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Re: Soldiers serving time in civilian prison 1840's......

Postby Victorian Dad » 23 Sep 2017 13:20

Thanks again frogsmile fascinating stuff!!!! I wonder whether they were heading for the coast in order to board a ship for Ireland and the depot. I assume also that having been convicted they would have been taken to the nearest military prison to serve out their sentences, not a glowing start to their military service!!!
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Re: Soldiers serving time in civilian prison 1840's......

Postby Frogsmile » 23 Sep 2017 16:36

Victorian Dad wrote:Thanks again frogsmile fascinating stuff!!!! I wonder whether they were heading for the coast in order to board a ship for Ireland and the depot. I assume also that having been convicted they would have been taken to the nearest military prison to serve out their sentences, not a glowing start to their military service!!!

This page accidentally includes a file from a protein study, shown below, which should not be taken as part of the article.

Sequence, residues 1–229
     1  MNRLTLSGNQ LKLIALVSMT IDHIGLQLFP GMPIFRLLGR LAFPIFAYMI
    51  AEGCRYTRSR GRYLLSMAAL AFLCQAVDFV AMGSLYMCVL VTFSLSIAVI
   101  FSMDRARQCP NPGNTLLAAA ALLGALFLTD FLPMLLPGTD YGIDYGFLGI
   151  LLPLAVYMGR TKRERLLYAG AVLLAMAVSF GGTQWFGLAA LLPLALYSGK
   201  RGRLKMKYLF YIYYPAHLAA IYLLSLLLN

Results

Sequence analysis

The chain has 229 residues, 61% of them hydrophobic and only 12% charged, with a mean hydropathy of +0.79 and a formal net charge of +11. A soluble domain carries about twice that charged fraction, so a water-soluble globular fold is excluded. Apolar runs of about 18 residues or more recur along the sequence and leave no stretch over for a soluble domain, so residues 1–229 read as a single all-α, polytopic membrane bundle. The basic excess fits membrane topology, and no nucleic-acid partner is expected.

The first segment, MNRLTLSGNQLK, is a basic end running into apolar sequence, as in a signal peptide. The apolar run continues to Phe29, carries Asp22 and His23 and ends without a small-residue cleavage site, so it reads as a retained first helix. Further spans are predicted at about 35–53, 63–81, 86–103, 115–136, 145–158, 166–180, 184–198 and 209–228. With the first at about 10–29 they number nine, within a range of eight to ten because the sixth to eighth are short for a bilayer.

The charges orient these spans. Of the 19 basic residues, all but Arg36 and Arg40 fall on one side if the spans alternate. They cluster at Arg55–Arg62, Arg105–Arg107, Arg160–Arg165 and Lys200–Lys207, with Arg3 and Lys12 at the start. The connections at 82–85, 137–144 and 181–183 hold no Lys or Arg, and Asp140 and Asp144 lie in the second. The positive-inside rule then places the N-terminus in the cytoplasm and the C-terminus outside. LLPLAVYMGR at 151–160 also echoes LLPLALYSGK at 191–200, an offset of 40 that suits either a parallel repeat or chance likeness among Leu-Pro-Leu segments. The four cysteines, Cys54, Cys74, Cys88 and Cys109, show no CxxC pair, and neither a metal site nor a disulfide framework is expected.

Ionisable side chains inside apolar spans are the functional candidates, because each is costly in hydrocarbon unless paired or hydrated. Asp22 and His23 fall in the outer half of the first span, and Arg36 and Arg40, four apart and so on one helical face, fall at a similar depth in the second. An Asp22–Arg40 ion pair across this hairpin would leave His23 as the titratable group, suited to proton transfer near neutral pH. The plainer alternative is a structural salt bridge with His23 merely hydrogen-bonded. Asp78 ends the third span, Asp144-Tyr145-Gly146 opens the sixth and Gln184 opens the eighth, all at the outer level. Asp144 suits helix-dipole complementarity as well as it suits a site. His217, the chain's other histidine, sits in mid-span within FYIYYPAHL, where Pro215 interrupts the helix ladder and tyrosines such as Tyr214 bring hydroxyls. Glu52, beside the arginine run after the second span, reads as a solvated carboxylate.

Yes, I think that they probably were on their way to a port to be shipped to Ireland, although we can never know for sure. Before 1846 there were just a few military prisons, almost all at ports and river heads, and many men were simply sent to local civil prisons. It was for this latter reason and its pejorative effects that military prisons were expanded in 1846.